By Graham Mott
This up to date variation of the best-selling guide ''Accounting for Non-Accountants'' offers the suitable creation to the fundamentals of accounting and enterprise finance. It takes you thru accounting and monetary thoughts and phrases in an easy-to-follow variety. absolutely revised to incorporate details at the most modern accounting criteria and adjustments in taxation legislation, it introduces thoughts in a fashion meant to help non-financial scholars, in addition to managers from businesses of all sizes. it truly is divided into 3 major sections: annual money owed, administration accounting and monetary administration, and includes examples and inquiries to try out your knowing. ''Accounting for Non-Accountants'' is already prevalent as an introductory textual content for company and administration scholars on various classes, and it continues to be crucial studying for someone wishing to actually comprehend accounting rules and perform.
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Extra resources for Accounting for Non-Accountants: A Manual for Managers and Students
Here we briefly examine each in turn, although the detailed management of these items is the subject of Chapter 18. 48 The annual accounts 1. Stocks can be of up to three main types, depending on the nature of the business. The three categories are: ᔢ raw materials; ᔢ work-in-progress; ᔢ finished goods. A manufacturing firm will have all three kinds whereas a retail outlet will only have finished goods for resale. Service industries may also carry stocks. For example, an architect has considerable work-inprogress, consisting of labour and overhead charges on the drawings and supervision of building not yet charged out to clients.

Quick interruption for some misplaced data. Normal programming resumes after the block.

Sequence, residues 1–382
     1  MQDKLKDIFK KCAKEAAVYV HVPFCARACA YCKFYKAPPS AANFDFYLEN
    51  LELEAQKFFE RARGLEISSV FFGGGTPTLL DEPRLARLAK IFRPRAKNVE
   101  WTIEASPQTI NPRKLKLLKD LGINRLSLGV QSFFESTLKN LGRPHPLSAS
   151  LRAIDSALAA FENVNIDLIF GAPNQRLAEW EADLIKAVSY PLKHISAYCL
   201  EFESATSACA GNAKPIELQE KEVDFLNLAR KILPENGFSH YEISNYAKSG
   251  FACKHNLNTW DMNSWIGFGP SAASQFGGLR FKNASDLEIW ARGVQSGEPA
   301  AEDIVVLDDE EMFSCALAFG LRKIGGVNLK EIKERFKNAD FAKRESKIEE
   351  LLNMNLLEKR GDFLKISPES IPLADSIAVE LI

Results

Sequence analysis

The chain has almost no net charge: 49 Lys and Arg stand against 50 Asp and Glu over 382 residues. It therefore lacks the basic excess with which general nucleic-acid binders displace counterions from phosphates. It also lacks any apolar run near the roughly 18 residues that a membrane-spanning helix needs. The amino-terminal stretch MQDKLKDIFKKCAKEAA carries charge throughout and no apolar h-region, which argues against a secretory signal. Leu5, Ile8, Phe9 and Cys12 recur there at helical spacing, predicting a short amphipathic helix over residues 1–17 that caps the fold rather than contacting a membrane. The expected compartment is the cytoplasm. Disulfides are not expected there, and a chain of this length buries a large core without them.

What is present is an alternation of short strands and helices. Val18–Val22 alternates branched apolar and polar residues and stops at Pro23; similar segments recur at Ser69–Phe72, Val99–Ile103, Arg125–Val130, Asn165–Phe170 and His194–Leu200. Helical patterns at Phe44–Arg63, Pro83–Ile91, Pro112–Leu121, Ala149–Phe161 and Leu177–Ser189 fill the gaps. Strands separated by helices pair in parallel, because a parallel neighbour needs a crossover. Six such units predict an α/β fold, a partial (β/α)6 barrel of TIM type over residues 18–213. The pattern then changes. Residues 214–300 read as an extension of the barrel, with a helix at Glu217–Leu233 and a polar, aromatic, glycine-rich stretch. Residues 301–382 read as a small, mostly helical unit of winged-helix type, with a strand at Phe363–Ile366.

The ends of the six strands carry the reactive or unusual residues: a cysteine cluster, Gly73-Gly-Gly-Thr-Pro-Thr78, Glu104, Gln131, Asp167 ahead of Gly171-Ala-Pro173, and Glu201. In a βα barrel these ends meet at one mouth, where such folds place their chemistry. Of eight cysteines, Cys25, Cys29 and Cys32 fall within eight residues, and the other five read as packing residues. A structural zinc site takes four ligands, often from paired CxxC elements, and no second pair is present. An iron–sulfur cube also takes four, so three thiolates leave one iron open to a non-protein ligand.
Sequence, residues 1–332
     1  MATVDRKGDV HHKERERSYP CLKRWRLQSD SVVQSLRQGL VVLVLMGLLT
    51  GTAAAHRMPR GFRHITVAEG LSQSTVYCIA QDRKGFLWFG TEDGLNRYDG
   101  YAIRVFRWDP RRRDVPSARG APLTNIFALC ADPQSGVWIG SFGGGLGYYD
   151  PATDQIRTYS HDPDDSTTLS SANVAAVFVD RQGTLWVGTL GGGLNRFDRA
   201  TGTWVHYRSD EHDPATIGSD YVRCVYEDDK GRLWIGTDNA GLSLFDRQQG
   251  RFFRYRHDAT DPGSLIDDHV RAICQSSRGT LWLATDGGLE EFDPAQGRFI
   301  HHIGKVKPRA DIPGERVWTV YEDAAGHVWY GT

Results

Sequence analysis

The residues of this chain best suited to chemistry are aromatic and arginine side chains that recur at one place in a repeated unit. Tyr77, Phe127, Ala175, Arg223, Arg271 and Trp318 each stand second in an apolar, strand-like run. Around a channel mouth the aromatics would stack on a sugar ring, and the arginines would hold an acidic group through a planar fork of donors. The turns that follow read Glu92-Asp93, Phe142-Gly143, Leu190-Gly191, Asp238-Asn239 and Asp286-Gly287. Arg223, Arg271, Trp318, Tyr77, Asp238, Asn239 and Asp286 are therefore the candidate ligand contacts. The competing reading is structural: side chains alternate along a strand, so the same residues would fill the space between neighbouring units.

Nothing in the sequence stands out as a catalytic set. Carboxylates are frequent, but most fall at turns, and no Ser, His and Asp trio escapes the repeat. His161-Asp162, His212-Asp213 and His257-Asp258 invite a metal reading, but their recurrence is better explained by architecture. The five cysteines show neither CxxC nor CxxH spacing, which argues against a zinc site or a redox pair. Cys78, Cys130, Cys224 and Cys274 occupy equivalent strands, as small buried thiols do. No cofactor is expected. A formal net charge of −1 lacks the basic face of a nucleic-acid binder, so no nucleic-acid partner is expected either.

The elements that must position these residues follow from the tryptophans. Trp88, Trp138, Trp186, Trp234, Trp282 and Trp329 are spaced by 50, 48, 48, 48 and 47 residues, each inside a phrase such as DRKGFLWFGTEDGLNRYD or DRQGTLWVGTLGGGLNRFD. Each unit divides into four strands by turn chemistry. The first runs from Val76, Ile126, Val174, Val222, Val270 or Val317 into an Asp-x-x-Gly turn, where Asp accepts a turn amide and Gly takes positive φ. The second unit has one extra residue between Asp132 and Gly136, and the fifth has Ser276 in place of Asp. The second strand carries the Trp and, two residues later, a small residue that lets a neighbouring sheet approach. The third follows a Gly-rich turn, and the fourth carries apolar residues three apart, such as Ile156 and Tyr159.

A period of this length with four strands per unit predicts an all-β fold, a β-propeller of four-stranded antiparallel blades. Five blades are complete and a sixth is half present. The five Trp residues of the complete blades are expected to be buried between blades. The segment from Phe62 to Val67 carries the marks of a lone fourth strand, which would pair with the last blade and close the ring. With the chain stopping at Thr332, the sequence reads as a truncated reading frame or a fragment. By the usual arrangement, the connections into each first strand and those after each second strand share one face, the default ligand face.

Stocks are valued on the basis of their cost, or realizable value, if lower. Realizable value means their value to the trade not their sale value to a customer. This rule can be important for firms holding stocks of commodities, for example, tin, lead, cocoa whose prices can be volatile at times. Valuing these stocks at the year-end may result in a loss if market value happens to be lower than cost at that particular moment. Engineering firms and confectionery manufacturers can see their profits affected either way by sharp changes in commodity prices.
Intangible assets embrace goodwill, brands, patents, trade marks, licences, etc. Such items will only appear on a balance sheet if they are separately identifiable and money is spent on their acquisition. Goodwill and brands have been very contentious items where UK accounting standards have not been in accord with international standards. The balance sheet 47 FRS 10, which became effective in 1998, brought UK accounting practice on goodwill and intangible assets much closer to international practice.
Accounting for Non-Accountants: A Manual for Managers and Students by Graham Mott